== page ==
function blah(){}
    
    function dg(){
        $column =& new Structures_DataGrid_Column('&nbsp;');
        
        // static
        $column->formatter(
            array(
                array('myClass', 'blah')
            )
        );
        
        // non-static, using $this instance
        $column->formatter(
            array(
                array($this, 'blah')
            )
        );
    
    }
}

// non-static using an instance of the class, outside of it
$column =& new Structures_DataGrid_Column('&nbsp;');
$myInstance = new MyClass();

$column->formatter = array(array($myInstance, 'blah'));
?>

The callback function is always defined as an array, this is in case the authors of the package are committed to the API and doesn't want to change it. Currently the formatter is a string, so a simple check is_array() can serve is a switch between the old and the new implementation.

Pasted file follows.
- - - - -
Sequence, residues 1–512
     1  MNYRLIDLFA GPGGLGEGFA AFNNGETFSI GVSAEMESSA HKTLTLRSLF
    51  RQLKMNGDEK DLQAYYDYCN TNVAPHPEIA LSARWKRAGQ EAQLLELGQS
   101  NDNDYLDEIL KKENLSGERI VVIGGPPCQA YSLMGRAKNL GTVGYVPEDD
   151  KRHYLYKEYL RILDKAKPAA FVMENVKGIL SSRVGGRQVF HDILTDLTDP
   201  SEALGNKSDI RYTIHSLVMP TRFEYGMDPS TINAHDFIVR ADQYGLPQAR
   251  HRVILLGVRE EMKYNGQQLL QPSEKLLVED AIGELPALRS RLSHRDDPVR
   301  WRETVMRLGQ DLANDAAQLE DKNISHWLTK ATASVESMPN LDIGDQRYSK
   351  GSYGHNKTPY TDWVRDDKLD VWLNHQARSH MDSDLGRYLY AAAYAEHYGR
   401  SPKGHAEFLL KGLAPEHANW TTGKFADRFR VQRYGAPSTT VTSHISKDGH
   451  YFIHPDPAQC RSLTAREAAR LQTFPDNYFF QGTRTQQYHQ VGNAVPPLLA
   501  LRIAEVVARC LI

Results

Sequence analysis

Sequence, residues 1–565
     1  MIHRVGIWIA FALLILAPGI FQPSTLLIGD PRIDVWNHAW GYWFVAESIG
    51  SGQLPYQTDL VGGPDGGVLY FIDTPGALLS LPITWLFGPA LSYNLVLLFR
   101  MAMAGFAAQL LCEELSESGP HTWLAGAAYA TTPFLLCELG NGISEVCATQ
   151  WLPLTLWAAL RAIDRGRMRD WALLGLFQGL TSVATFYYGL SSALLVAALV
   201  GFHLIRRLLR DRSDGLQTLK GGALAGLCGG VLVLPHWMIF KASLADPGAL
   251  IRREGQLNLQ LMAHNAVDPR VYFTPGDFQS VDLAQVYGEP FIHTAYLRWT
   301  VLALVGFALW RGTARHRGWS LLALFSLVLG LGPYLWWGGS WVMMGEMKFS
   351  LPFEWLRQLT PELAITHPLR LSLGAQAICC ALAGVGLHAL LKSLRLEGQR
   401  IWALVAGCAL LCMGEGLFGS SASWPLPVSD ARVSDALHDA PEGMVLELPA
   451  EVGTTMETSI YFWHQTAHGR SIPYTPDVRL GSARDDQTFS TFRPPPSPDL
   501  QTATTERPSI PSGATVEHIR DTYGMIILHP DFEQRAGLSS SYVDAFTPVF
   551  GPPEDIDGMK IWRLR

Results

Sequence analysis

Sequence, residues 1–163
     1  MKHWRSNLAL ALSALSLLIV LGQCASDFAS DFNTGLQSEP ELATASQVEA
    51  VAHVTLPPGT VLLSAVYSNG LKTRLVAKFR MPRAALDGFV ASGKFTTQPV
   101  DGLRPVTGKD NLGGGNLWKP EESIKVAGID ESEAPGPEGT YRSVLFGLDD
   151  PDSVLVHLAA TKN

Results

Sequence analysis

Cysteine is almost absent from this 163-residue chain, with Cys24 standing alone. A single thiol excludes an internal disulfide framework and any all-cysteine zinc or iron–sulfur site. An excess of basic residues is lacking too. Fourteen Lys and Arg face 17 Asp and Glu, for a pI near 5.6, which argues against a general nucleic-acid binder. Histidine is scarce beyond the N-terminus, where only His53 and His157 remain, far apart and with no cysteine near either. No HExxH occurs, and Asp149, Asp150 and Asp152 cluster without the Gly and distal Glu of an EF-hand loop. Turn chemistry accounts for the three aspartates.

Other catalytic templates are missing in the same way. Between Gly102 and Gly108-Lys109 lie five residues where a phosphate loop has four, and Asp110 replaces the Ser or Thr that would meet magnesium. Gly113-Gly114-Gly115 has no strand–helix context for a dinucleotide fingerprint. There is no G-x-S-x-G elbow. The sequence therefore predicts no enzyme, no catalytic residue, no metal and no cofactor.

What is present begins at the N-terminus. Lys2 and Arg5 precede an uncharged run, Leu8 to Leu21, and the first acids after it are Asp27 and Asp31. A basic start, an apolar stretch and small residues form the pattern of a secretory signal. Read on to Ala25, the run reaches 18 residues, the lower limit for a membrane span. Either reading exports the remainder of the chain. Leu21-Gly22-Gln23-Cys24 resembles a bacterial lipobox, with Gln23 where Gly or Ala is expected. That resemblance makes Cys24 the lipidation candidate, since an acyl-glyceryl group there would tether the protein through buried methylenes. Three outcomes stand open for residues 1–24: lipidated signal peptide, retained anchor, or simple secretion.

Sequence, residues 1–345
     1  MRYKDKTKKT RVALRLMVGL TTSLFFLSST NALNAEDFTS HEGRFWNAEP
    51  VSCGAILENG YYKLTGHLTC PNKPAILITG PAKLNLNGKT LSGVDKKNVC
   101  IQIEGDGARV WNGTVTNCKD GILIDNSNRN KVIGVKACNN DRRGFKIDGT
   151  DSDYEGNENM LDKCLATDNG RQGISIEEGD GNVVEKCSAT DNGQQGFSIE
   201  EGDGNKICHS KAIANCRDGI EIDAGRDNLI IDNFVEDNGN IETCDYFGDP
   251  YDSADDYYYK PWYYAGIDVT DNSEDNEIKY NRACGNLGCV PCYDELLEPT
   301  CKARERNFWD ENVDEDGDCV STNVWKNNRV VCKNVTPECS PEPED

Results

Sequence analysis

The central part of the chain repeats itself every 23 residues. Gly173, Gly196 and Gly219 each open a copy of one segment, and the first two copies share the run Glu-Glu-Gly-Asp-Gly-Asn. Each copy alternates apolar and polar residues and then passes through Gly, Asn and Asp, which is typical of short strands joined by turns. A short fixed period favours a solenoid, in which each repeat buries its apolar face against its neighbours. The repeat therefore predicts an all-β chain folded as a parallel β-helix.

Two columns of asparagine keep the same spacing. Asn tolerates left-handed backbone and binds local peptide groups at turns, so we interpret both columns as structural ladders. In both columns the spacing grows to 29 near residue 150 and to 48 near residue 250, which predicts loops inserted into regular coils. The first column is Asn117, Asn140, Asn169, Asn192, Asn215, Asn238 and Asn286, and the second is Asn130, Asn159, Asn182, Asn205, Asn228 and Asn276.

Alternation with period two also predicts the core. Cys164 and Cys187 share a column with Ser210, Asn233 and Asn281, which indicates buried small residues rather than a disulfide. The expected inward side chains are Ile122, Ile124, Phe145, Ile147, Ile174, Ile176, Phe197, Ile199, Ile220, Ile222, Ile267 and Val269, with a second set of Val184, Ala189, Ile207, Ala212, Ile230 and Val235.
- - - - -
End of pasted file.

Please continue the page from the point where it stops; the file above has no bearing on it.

Finally, here's the actual implementation of the formatter() method. It may be disappointingly short, after this whole long posting ;)

<?php
class Structures_DataGrid_Column
{
// ...
    function formatter($record)
    {
        
        if (empty($this->formatter[0])) {
            return false;
        }
        
        $parameters = false;
        if (empty($this->formatter[1])) {
            if (!empty($this->fieldName)){
                $parameters = $record[$this->fieldName];
            }
        } else {
            $parameters = array('record' => $record);
            if (!is_bool($this->formatter[1])) {
                $parameters = array_merge(array('record' => $record), $this->formatter[1]);
            }
        }
        
        return call_user_func($this->formatter[0], $parameters);
    }

...
}
?>